T.: Brian has been doing this for a while, inserting posts retroactively. This was a big batch, to be sure, but he does it all the time.

@T – I think the “other” Wonder Woman is Hippolyta, who was dark-haired in the Golden Age/Earth-2… and, of course, post-Crisis… I wonder if she’ll go back to being a blonde in this next version of the DCU?

It’s pretty fitting that a superhero with mythical ties has such a meta-experience. Myth’s all about storytelling and this sort of feels like a goofier version of what Alan Moore was doing with Promethea/Glory and the recently completed “Odyssey” arc in Wonder Woman.

Poor Wonder Woman… moreso than her other JLA counterparts, she never seemed to get the chance to develop a solid personality/perspective as she’s pulled between the whims of the editors, writers and audience.


August 28, 2011 at 4:13 pm

How come none of DC’s books did something like this? Who wouldn’t want to see a writer explain to the Teen Titans what is going to happen to them?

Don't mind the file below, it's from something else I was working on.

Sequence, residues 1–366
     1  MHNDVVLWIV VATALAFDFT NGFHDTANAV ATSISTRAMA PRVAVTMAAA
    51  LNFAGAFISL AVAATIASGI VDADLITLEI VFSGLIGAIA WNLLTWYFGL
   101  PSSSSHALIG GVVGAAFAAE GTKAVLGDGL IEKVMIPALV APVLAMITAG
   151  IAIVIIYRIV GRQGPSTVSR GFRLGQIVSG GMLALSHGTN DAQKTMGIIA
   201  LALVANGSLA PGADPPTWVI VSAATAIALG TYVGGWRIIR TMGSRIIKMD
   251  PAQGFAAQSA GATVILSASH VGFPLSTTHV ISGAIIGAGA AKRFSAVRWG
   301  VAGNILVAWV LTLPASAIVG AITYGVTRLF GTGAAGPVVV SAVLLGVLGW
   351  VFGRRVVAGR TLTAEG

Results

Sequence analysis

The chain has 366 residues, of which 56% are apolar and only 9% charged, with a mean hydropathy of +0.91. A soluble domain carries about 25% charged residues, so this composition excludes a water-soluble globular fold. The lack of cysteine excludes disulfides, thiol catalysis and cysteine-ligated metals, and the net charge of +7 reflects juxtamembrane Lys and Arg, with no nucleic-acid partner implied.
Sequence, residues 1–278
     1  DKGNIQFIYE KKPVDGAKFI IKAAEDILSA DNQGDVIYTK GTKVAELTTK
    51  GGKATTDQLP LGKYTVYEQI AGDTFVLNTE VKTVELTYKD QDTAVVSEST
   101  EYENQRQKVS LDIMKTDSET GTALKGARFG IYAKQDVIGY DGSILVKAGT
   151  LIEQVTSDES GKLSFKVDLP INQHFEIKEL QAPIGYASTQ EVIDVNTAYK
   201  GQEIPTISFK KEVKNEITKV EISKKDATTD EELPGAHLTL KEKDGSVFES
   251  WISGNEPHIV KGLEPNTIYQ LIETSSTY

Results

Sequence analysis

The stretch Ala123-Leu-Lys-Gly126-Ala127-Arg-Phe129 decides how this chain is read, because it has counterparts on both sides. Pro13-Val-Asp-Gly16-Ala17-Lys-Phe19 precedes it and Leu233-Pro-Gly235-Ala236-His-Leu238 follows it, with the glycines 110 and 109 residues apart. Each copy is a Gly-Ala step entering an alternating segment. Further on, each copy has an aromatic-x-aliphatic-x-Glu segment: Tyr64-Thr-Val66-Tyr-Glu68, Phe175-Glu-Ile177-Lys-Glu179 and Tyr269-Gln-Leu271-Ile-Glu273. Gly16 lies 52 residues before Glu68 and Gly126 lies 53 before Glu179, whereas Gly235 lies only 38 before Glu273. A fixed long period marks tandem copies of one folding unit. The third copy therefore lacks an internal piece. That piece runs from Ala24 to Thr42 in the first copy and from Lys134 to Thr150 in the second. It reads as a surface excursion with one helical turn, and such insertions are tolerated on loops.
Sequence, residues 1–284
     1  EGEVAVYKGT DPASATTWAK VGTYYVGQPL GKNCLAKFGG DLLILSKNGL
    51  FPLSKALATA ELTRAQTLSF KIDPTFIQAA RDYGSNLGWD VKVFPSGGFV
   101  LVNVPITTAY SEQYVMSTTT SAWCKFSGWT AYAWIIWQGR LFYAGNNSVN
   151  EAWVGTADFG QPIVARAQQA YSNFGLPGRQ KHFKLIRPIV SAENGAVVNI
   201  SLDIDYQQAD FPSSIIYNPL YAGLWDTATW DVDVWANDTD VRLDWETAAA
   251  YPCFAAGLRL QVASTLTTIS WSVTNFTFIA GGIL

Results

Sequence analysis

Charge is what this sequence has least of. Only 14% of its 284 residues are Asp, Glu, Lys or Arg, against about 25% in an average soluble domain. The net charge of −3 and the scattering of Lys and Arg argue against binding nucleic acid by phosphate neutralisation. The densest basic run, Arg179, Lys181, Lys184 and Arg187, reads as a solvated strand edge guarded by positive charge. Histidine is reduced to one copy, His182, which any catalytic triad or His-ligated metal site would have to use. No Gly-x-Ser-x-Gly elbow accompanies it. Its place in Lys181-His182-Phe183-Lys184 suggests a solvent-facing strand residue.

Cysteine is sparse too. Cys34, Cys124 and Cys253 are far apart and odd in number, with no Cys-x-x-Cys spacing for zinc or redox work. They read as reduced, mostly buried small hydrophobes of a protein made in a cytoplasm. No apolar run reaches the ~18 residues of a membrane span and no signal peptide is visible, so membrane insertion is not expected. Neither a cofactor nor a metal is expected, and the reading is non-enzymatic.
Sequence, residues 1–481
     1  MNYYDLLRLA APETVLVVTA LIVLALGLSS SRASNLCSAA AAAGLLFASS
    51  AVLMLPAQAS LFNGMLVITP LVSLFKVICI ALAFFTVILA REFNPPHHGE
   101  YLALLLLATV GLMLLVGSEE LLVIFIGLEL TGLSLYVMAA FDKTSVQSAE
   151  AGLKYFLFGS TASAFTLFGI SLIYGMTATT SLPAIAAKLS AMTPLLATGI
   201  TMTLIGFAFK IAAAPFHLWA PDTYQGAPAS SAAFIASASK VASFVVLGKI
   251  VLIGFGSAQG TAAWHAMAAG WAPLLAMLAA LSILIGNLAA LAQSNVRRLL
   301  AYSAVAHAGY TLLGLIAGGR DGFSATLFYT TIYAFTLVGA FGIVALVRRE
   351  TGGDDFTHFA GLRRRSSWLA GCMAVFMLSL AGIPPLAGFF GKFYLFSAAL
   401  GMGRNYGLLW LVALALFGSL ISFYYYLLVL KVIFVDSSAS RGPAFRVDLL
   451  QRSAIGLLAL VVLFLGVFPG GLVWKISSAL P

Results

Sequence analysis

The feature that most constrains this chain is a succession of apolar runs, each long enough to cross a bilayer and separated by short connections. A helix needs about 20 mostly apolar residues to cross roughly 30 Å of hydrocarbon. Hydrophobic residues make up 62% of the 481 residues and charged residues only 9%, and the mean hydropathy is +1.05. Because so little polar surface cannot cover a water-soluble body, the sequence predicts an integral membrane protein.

Well, it wasn’t in the pages of the comic, but when JT Krul took over Teen Titans, there was a DC Nation faux-interview, where he explained to the team that he was taking over, and they gave their reactions, which were mostly negative.

@JamesBaker, why would you assume there actually was fan demand for a “Golden Age Revival” just because the editor of the book writes himself into the story to tell you so? Wonder Woman’s sales were down, and this retread didn’t help.

@T, the “second Wonder Woman” on the terrace was actually Diana’s mom. She’d been made a blonde some time back to differentiate her from Diana: This “soft reboot” returned her to brunette.

@Jacob T Levy, no, there was never any connection implied between the Duke of Deception’s Mars and J’onn J’onnz’ Mars. Just as Lori Lemaris’ Atlantis had no connection to Aquaman’s Atlantis. Characters didn’t cross over much in those days. One could argue that DC’s real trouble started when they began crossing over.